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Johnston: Common sense and expertise

By Adam Johnston - Special to the Standard-Examiner | Mar 15, 2023

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Adam Johnston

I’m good at using common sense. This keeps me from walking into traffic or off cliffs. My gut sensibilities make me think twice when I’m working with things that are too hot, sharp or fattening. As humans, our gut instinct keeps us alive.

But, overall, common sense is terrible.

Common sense operates only on what you have a direct physical or emotional response to. Using it, it’s obvious that the world is flat and stars are just jewels of light surrounding us. Your intuition has no capacity for viruses, GPS or airplanes. It has no depth perception nor objectivity, and it doesn’t analyze data.

Common sense is really dumb. So, I really admire expertise.

I’ve started to get into a series of videos in which seasoned musicians analyze notable performances and recordings of others. They dive deep, considering the mic on a drum, the ear of a bass player or the mix produced by a recording engineer. I understand about half of it but marvel at all of it. They hear things that I don’t because they have experience in studios and understand complicated chord progressions. They untangle their fascination and bring me into the fold — and even though I’m not an expert, I follow along and learn something.

These kinds of dissections aren’t too different from what a good plumber or electrician does when they visit my home. While I can confidently say that I understand circuits and fluid dynamics, for the electrical system and maze of pipes in my old house, I’m happy to pay for experts and the repairs they undertake. They not only envision the networks running within the walls, they have experience and tools for fixing things. Whatever problems I have, they’ve seen before, and I’m grateful.

My most admired experts include doctors, teachers and scientists. In all their arenas of work, they’ve studied patients, students and specimens, and they’ve learned about landscapes of possibilities, interactions and diagnoses. Though I barely know about the workings of my own body, my doctor has seen lots of situations just like mine in countless others. Although I see 8-year-olds as an alien species, seasoned third grade teachers have studied both their learning and attitudes as a career endeavor. And while I look up at the cliffs above a fault line or down at the level of Great Salt Lake with bewilderment, geologists down the hall from me see those features with clarity and can even tell me how one is rising while another is dropping, along with what we should do about it.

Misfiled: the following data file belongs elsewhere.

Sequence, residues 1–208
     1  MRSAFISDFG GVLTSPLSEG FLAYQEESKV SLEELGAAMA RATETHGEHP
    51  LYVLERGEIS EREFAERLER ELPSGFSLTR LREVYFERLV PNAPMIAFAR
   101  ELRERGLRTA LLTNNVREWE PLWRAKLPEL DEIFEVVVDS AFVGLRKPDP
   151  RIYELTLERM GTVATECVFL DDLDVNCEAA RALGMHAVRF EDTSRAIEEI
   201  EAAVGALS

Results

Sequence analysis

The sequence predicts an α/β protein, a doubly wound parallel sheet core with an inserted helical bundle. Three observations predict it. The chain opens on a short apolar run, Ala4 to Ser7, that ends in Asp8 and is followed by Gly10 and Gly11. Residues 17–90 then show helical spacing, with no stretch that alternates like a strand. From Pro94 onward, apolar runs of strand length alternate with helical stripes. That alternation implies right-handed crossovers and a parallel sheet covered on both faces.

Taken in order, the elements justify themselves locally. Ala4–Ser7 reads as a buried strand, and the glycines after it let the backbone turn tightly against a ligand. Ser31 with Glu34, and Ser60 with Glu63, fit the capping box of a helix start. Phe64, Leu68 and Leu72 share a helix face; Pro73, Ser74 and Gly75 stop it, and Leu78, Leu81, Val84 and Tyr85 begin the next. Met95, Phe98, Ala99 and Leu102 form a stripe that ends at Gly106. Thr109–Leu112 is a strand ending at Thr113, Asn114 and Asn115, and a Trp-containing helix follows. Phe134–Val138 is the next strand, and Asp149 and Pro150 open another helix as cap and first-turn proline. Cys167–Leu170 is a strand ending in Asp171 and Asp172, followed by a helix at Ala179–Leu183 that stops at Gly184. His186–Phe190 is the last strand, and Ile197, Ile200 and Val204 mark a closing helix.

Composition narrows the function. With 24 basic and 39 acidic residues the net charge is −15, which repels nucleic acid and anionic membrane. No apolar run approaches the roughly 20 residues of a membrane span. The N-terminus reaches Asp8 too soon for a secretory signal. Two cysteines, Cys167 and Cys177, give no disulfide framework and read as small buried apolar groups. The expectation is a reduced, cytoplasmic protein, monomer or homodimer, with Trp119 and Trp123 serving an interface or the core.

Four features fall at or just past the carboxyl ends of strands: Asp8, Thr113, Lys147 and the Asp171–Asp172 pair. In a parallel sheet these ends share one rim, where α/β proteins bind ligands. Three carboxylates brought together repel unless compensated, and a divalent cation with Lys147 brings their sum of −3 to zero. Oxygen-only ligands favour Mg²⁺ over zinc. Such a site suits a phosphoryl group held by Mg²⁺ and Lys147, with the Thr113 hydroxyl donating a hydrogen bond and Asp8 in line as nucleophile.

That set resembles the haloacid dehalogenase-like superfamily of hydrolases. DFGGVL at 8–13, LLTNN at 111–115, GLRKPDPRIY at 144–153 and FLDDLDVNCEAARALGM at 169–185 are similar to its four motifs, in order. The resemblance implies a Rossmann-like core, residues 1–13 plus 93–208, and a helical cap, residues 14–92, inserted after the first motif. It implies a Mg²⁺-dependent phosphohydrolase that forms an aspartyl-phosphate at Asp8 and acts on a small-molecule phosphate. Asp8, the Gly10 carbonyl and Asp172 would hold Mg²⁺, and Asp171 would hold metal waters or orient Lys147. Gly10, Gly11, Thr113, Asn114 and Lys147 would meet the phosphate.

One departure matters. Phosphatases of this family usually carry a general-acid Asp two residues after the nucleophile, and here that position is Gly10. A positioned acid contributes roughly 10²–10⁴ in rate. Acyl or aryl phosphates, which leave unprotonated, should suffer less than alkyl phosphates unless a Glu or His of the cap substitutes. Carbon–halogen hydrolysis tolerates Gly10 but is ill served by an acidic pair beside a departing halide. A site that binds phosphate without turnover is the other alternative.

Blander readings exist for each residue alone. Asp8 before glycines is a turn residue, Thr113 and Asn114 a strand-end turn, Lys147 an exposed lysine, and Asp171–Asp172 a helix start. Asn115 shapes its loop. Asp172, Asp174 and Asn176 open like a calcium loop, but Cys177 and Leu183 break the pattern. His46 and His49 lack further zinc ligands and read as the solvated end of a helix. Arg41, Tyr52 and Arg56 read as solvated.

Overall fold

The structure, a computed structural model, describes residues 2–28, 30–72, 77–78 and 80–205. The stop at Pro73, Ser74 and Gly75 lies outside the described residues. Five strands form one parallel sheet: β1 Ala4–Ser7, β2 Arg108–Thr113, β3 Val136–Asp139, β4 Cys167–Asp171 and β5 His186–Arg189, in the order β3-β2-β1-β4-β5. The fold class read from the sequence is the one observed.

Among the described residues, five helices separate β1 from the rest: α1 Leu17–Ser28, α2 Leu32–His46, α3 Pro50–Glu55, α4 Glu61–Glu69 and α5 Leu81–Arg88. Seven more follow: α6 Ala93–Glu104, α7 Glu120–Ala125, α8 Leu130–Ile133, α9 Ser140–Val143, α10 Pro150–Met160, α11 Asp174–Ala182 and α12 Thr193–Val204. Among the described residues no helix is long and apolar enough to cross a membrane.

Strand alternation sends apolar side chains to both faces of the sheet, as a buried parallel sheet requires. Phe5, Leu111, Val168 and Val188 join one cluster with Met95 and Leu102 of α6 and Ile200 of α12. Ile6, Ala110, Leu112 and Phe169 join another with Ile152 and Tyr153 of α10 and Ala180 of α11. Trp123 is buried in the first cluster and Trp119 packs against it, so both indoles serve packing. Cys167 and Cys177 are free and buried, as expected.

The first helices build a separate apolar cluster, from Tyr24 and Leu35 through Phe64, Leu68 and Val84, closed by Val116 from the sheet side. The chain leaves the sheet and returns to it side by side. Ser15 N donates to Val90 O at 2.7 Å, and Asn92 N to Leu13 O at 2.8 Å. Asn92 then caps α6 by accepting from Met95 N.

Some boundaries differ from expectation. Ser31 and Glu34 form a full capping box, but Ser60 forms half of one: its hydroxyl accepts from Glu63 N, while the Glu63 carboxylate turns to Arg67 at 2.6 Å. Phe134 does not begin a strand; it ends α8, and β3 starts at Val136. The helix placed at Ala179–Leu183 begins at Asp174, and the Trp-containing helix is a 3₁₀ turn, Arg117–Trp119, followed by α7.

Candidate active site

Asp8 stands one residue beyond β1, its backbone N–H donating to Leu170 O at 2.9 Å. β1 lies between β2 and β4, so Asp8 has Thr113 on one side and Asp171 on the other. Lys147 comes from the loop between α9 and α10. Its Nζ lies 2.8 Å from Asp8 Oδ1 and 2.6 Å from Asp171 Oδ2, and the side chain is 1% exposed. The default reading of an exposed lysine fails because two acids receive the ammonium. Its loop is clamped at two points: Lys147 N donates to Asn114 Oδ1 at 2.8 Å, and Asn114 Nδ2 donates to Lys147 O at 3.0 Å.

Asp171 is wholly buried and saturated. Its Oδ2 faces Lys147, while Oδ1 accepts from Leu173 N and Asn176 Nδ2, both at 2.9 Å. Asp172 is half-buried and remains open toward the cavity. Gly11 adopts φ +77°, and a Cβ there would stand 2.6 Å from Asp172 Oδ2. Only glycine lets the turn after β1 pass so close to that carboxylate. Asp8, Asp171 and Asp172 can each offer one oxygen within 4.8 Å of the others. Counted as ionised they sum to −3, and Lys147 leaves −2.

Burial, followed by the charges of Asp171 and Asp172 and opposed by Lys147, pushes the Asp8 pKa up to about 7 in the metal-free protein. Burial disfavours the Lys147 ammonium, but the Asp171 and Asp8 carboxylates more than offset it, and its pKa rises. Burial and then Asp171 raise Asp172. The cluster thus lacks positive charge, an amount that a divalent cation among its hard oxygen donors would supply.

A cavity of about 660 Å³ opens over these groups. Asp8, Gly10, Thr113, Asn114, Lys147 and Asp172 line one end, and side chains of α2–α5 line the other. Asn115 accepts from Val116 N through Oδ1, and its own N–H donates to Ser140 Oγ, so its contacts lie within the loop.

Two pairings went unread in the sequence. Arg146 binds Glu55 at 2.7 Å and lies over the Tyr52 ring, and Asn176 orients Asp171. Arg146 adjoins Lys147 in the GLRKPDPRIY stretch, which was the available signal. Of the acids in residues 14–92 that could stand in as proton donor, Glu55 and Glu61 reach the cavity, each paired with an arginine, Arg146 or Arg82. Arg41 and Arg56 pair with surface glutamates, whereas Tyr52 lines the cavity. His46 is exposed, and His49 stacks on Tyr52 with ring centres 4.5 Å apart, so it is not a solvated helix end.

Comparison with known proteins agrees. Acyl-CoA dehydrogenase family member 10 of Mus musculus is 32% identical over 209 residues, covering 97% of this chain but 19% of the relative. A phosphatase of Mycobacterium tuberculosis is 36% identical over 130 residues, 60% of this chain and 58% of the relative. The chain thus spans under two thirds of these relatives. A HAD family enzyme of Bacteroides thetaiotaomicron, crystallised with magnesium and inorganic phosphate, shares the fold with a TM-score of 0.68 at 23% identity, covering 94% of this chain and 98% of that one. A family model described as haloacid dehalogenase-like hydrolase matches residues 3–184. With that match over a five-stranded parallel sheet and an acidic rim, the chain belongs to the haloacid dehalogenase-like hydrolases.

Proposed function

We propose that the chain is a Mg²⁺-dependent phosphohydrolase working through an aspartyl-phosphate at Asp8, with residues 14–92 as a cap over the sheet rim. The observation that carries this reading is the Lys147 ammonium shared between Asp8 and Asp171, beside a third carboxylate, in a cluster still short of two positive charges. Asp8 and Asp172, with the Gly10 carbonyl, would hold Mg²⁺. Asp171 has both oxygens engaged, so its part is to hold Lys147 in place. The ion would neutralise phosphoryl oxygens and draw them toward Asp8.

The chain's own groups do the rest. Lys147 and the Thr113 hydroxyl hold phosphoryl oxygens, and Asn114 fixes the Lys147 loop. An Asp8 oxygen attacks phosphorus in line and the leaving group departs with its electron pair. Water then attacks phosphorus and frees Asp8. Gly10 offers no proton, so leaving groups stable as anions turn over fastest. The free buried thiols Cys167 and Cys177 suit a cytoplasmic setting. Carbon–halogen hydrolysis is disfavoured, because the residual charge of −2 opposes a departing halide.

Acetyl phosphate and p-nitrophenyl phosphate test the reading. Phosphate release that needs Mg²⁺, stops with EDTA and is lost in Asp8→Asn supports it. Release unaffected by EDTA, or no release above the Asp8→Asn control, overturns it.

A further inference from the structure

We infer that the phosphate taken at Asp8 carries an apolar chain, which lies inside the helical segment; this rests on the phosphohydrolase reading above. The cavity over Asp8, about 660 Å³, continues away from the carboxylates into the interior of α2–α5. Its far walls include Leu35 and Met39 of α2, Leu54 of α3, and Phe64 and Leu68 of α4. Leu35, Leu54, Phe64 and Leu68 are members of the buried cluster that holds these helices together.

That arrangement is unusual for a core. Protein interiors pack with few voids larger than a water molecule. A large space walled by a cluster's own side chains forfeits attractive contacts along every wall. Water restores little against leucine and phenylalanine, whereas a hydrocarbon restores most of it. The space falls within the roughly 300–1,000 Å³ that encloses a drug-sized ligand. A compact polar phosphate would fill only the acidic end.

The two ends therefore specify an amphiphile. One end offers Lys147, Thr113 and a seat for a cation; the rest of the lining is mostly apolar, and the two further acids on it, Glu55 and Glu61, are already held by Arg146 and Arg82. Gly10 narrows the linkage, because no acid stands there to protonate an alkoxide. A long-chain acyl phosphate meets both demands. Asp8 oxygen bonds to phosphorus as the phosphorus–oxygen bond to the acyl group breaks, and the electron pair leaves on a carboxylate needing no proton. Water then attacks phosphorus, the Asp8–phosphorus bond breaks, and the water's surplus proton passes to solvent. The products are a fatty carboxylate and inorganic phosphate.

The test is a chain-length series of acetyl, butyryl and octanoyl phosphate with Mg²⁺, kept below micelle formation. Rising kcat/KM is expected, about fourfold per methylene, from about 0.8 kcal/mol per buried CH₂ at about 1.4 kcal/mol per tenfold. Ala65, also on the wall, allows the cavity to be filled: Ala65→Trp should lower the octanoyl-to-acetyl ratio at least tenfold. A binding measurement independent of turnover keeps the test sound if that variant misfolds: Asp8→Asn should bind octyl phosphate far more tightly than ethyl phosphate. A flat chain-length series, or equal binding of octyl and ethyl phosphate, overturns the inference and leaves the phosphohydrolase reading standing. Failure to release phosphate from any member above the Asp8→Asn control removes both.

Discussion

Are these experts blessed with some natural ability that’s beyond my own? Not necessarily, though it can seem that way. The biggest difference is that they’ve immersed themselves in their field, its practices and its data. They know not only what they’ve researched, but the context that it fits into, what other co-experts have studied.

Most important, they don’t just learn from what they do right, but from the humble redirections they’ve had to make. That self-correcting process is slow and methodical. The humility of expertise double-checks itself with evidence, whereas the quick response of common sense is deluded in overconfidence.

That’s why I’m dismayed with our reliance and confidence in intuition. It’s why I cringe when I hear a friend, legislator or policymaker stating that some new idea or law is “just common sense.” Often, we talk to a few neighbors or constituents and decide that these “common sense” solutions can be used to treat problems we perceive. When we see new runoff filling Great Salt Lake, a student reading at grade level, our child’s routine health care, we get the impression that it’s all fine for all time and for all people, even when it isn’t.

Common sense lulls us into complacency or, worse, makes us think that intuitive solutions dreamed up by like-minded and well-intended neighbors are not only obvious but right, even as we ignore experts testifying to the contrary. Common sense makes us think that the world is flat. We keep believing it at our own peril.

Adam Johnston is a professor of physics and director of the Center for Science and Mathematics Education at Weber State University, where he helps prepare future teachers and supports educators throughout Utah.


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